In his dissenting opinion, however, Justice Ian Nordheimer contended that COVID-19 does constitute a material change in circumstances for every detention order made prior to the pandemic.

“COVID-19 changed the lives of every person in this country,” he wrote. “Indeed, it has changed the lives of almost everyone on this planet.

“The impact of the pandemic does not mean that detention orders will not still be warranted,” he added. “What it does mean is that the detention of every person needs to be reviewed, in light of the extraordinary situation that the pandemic poses, to ensure that the continued incarceration of a person pending trial will not result in a disproportionate impact. It also means that, going forward, the impact of the pandemic must properly be considered in every bail hearing when determining whether a detention order is warranted.”

Christine Mainville, a partner with Toronto-based Henein Hutchison LLP who served as co-counsel with lawyer Eric Neubauer for the sole intervener in the appeal, the Criminal Lawyers’ Association, said the authoritative decision on the impact of COVID-19 on bail is an important one for CLA members and all criminal defence lawyers. The result could influence how judges factor in not only the pandemic, she told The Lawyer’s Daily, but similar circumstances that could affect the three grounds for detention, like a labour disruption at a jail.

The CLA argued that COVID-19 is relevant to all three grounds for detention and should be seen as a material change of circumstance in all cases.

“I think what both the majority and dissent agreed on is that COVID-19 necessarily informs the tertiary ground analysis,” said Mainville, “but also has the potential to go to any of the grounds for detention. So that was a win for us.”

Even though the majority opened the door to COVID-19 potentially going to all grounds for detention and allowing for a final balancing and proportionality analysis, she added, “despite that, they certainly do seem to give much more weight to the accused, for instance, showing that they have particular health concerns or that they’re at a heightened risk” for the illness.

Mainville said the majority and dissenting judges’ support for a final balancing and proportionality analysis in any bail case was very significant to the CLA because it’s a stance that the Supreme Court has stated, but mostly in relation to whether the amount of time that a person is spending in pretrial custody is proportionate to the ultimate sentence they may receive.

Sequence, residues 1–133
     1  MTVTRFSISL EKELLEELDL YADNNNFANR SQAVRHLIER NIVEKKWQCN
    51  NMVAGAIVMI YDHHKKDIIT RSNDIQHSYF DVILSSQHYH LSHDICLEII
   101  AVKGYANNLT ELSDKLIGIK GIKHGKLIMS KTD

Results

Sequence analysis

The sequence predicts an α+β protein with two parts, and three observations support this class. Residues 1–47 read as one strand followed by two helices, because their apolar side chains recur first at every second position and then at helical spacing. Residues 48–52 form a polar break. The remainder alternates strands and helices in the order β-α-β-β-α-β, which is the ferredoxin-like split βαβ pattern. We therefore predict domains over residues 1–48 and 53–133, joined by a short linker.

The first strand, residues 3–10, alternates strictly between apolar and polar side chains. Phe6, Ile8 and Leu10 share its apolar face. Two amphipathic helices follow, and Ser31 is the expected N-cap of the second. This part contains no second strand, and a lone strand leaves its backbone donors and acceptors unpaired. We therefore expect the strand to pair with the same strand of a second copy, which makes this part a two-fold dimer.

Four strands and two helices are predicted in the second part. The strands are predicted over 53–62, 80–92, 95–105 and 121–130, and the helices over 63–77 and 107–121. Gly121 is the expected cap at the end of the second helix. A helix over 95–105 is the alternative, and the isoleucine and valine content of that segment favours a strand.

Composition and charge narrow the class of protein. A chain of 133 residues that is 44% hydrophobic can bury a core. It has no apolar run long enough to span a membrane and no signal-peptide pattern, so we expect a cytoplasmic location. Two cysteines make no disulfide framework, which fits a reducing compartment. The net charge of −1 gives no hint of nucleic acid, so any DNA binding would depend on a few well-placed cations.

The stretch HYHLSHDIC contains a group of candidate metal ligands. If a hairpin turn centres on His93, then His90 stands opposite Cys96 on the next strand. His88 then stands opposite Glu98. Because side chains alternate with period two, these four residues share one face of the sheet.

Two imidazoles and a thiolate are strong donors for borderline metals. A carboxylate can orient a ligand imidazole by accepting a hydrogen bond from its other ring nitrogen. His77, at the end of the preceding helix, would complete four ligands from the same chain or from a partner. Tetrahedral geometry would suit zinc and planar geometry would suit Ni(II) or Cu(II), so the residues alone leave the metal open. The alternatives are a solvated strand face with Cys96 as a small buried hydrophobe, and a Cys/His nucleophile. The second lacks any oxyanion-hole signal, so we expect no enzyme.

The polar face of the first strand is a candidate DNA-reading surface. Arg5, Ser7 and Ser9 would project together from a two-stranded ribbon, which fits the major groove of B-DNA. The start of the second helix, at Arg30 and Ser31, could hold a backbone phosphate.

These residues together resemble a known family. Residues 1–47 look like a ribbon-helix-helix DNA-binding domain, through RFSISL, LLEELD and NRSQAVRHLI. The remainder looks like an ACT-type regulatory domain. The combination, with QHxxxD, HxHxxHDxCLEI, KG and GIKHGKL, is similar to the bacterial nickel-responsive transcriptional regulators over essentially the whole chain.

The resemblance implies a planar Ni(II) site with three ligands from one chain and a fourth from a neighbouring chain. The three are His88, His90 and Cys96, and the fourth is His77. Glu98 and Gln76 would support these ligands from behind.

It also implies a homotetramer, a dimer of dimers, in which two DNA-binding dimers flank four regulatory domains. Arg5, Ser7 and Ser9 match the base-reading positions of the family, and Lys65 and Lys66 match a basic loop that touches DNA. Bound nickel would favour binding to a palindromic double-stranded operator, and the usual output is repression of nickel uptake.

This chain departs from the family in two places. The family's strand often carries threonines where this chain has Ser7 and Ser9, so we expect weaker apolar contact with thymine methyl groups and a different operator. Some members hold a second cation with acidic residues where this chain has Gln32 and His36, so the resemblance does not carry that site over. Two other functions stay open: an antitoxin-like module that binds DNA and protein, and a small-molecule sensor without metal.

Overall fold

“Now I think in J.A., including in the majority’s decision, there is an indication that indeed the balancing analysis and the proportionality analysis is not limited to the tertiary ground,” she said. “It can impact any bail case. That’s very significant from my perspective.”

William Thompson, Addario Law Group LLP

William Thompson, a partner at Toronto-based Addario Law Group LLP and chair of the Ontario Bar Association’s Criminal Justice Section, said the discrepancy between the majority and Justice Nordheimer over the importance of the impact of COVID-19 on the quality of incarceration was “concerning.”

“The majority focuses pretty specifically on the risk of infection being the significance of COVID and the material change,” Thompson told The Lawyer’s Daily. “That’s certainly true but that’s only one piece of it.

“I think that that is really significant because of the reality of how life in detention is during a pandemic,” he added. “It’s much more difficult both psychologically on the people who are detained, and also in terms of trial fairness considerations around how they are able to prepare a defence and how they’re able to bring the matter to trial.”

Thompson said just about everything in the criminal justice system has been changed to respond to the challenge of the pandemic. “It’s hard to imagine how that couldn’t be considered a material change of circumstance that would warrant revisiting decisions about whether detention is necessary.”

Toronto criminal defence lawyers Leora Shemesh and Gary Grill, who served as counsel for J.A., declined to comment on the decision because they are seeking leave to appeal it to the Supreme Court of Canada. Crown counsel David Friesen did not respond to a request for comment.

Thompson said he would like to see the Supreme Court address the decision to provide guidance on how to incorporate the existing case law and deal with related issues in the context of the pandemic.

“I think that most courts are doing a pretty good job of incorporating considerations about the pandemic,” he added, “and, actually, not even just the courts, but it’s also impacting on decision making by police around how they release people that they’ve arrested.”